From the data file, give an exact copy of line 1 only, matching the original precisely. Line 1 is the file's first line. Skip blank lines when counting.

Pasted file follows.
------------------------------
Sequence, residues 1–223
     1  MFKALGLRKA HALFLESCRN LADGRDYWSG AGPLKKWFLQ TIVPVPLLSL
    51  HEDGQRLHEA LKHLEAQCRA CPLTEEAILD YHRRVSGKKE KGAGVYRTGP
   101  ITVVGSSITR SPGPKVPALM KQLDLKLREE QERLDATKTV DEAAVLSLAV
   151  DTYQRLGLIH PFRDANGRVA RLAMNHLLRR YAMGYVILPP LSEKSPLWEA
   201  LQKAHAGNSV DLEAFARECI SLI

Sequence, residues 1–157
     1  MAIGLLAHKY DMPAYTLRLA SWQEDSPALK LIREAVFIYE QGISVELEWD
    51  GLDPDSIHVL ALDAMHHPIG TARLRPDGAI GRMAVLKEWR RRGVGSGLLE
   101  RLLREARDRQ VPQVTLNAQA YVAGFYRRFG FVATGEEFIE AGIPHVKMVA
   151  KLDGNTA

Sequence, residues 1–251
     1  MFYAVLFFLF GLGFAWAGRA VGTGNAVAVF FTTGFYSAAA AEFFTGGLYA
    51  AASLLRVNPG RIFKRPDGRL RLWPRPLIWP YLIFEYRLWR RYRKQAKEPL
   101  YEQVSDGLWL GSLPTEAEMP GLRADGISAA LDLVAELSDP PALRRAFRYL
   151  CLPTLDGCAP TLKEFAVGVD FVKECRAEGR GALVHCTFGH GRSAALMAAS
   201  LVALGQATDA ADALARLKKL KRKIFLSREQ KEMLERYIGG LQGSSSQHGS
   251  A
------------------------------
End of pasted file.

Sequence, residues 1–223